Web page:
IDEAS home Printed from https://ideas.repec.org/p/adl/wpaper/2013-11.html
   My bibliography  Save this paper

Did the AFL Equalisation Policy Achieve the Evenness of the League?

Author

Listed:
  • Virginie Masson

    () (School of Economics, University of Adelaide)

  • Nicholas Sim

    () (School of Economics, University of Adelaide)

  • Luke Wedding

    (School of Economics, University of Adelaide)

Abstract

In this paper, we investigate whether the Australian Football League (AFL) intervention policies coincided with a more even-playing field in the league, as captured by individual match margins. We find that only two out of the eight major policies implemented over the last hundred years are correlated with lower margin. All other policies are at best ineffectual, and at worst, potentially damaging to the evenness the AFL strives to achieve.

Suggested Citation

  • Virginie Masson & Nicholas Sim & Luke Wedding, "undated". "Did the AFL Equalisation Policy Achieve the Evenness of the League?," School of Economics Working Papers 2013-11, University of Adelaide, School of Economics.
  • Handle: RePEc:adl:wpaper:2013-11
    as

    Download full text from publisher

    File URL: http://www.economics.adelaide.edu.au/research/papers/doc/wp2013-11.pdf
    Download Restriction: no

    Other versions of this item:

    References listed on IDEAS

    as
    1. Liam J. A. Lenten, 2009. "Unobserved Components in Competitive Balance and Match Attendances in the Australian Football League, 1945-2005: Where is all the Action Happening?," The Economic Record, The Economic Society of Australia, vol. 85(269), pages 181-196, June.
    2. Kesenne, Stefan, 2000. "The Impact of Salary Caps in Professional Team Sports," Scottish Journal of Political Economy, Scottish Economic Society, vol. 47(4), pages 422-430, September.
    3. Newey, Whitney K & Powell, James L, 1987. "Asymmetric Least Squares Estimation and Testing," Econometrica, Econometric Society, vol. 55(4), pages 819-847, July.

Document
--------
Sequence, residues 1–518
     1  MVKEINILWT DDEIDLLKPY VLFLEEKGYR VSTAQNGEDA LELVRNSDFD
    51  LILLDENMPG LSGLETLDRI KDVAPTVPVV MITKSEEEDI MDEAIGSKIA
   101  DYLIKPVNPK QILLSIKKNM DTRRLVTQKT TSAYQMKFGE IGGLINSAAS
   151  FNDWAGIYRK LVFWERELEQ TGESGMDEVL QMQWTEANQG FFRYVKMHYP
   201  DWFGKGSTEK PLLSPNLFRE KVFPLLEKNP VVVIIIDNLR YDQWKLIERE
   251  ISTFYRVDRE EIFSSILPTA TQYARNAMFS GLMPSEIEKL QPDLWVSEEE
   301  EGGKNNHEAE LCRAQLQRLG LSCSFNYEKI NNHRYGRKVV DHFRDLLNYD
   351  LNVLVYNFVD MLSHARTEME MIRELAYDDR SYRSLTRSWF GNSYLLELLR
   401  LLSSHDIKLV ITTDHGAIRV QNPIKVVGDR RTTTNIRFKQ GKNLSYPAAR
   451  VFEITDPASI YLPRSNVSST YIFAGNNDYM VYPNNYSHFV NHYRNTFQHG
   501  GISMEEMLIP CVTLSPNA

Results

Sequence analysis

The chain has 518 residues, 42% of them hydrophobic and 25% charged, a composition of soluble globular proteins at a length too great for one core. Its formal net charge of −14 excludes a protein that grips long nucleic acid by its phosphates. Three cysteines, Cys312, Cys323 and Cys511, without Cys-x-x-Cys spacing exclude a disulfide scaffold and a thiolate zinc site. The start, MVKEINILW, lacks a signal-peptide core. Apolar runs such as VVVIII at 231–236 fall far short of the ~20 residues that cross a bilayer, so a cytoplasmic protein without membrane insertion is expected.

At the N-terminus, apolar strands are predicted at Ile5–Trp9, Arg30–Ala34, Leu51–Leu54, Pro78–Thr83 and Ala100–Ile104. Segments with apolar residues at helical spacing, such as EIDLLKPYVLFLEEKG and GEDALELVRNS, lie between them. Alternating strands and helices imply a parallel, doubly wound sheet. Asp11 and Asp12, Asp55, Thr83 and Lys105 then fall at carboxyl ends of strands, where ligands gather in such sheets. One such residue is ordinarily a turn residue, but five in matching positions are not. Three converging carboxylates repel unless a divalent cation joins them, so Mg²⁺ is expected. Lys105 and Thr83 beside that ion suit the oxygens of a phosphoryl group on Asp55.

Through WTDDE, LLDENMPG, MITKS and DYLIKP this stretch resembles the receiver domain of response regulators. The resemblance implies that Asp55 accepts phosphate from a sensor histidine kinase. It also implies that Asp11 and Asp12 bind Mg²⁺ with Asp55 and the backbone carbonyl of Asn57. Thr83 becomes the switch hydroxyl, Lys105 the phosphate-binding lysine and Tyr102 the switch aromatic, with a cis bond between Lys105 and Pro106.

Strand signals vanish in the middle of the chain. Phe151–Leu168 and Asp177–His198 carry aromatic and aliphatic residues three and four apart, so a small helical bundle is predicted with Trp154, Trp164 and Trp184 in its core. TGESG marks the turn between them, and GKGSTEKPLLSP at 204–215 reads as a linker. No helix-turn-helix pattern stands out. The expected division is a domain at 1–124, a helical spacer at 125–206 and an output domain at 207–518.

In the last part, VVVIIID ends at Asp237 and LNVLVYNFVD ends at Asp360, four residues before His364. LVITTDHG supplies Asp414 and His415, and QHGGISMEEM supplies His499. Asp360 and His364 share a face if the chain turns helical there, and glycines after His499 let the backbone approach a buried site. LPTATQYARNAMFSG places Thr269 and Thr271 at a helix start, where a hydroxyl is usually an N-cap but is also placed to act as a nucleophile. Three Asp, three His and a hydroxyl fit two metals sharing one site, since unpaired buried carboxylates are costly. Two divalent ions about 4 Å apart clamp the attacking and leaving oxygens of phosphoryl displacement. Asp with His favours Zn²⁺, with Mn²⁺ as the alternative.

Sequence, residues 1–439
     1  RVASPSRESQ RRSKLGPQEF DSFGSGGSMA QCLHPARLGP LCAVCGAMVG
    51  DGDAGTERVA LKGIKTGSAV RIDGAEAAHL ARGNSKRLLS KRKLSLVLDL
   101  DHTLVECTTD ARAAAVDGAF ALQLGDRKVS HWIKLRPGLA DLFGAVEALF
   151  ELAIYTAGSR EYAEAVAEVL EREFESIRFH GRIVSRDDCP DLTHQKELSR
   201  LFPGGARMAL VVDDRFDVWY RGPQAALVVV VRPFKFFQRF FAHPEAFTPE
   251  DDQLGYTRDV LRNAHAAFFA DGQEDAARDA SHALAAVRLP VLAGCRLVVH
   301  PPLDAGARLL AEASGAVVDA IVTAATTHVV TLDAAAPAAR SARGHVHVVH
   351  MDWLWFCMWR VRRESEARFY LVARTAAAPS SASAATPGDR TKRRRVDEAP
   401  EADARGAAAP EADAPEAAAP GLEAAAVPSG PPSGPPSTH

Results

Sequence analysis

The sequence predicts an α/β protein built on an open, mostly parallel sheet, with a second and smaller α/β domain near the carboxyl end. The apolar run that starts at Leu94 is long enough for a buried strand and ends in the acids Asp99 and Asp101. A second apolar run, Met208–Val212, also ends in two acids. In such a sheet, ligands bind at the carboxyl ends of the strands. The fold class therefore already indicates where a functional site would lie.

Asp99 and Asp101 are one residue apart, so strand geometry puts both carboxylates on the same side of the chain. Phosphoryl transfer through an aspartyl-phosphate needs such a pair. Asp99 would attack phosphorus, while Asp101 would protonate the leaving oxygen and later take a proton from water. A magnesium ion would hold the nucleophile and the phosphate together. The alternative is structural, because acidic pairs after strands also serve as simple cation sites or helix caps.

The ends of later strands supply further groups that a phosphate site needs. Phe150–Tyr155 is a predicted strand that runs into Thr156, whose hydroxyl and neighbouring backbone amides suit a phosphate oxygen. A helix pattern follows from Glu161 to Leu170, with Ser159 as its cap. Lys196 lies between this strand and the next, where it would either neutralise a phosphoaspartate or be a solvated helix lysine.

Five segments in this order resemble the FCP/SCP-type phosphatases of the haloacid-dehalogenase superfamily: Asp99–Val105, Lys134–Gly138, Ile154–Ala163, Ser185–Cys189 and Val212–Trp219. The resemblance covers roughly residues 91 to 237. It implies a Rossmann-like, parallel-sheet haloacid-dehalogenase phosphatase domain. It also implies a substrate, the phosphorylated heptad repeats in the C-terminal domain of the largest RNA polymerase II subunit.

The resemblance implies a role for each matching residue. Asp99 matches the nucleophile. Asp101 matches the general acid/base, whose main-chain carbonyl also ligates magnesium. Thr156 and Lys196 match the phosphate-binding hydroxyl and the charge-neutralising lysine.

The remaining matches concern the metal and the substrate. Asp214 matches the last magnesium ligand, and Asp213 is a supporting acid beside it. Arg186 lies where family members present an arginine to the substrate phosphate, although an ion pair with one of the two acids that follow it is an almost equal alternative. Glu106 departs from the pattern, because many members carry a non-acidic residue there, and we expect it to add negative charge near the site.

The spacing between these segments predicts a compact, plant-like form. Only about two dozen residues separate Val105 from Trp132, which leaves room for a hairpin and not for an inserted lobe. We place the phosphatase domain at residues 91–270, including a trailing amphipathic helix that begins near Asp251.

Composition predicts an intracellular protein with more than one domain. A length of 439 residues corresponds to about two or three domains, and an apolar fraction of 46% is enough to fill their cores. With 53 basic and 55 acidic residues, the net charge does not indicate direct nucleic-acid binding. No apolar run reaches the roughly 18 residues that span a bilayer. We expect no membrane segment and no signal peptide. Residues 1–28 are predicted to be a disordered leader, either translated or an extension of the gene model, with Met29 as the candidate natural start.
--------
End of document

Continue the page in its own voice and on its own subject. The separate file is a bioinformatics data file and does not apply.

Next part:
4. Ross Booth, 2004. "The Economics Of Achieving Competitive Balance In The Australian Football League, 1897–2004," Economic Papers, The Economic Society of Australia, vol. 23(4), pages 325-344, December.
    5. Simon Rottenberg, 1956. "The Baseball Players' Labor Market," Journal of Political Economy, University of Chicago Press, vol. 64, pages 242-242.
    6. Jones, M. C., 1994. "Expectiles and M-quantiles are quantiles," Statistics & Probability Letters, Elsevier, vol. 20(2), pages 149-153, May.
    7. Rodney Fort & James Quirk, 1995. "Cross-subsidization, Incentives, and Outcomes in Professional Team Sports Leagues," Journal of Economic Literature, American Economic Association, vol. 33(3), pages 1265-1299, September.
    8. Andrew Larsen & Aju J. Fenn & Erin Leanne Spenner, 2006. "The Impact of Free Agency and the Salary Cap on Competitive Balance in the National Football League," Journal of Sports Economics, , vol. 7(4), pages 374-390, November.
    Full references (including those not matched with items on IDEAS)

    More about this item

    JEL classification:

    • C01 - Mathematical and Quantitative Methods - - General - - - Econometrics
    • L83 - Industrial Organization - - Industry Studies: Services - - - Sports; Gambling; Restaurants; Recreation; Tourism

    NEP fields

    This paper has been announced in the following NEP Reports:

    Statistics

    Access and download statistics

    Corrections

    All material on this site has been provided by the respective publishers and authors. You can help correct errors and omissions. When requesting a correction, please mention this item's handle: RePEc:adl:wpaper:2013-11. See general information about how to correct material in RePEc.

    For technical questions regarding this item, or to correct its authors, title, abstract, bibliographic or download information, contact: (Eran Binenbaum). General contact details of provider: http://edirc.repec.org/data/decadau.html .

    If you have authored this item and are not yet registered with RePEc, we encourage you to do it here. This allows to link your profile to this item. It also allows you to accept potential citations to this item that we are uncertain about.

    If CitEc recognized a reference but did not link an item in RePEc to it, you can help with this form .

    If you know of missing items citing this one, you can help us creating those links by adding the relevant references in the same way as above, for each refering item. If you are a registered author of this item, you may also want to check the "citations" tab in your RePEc Author Service profile, as there may be some citations waiting for confirmation.

    Please note that corrections may take a couple of weeks to filter through the various RePEc services.

    IDEAS is a RePEc service hosted by the Research Division of the Federal Reserve Bank of St. Louis . RePEc uses bibliographic data supplied by the respective publishers.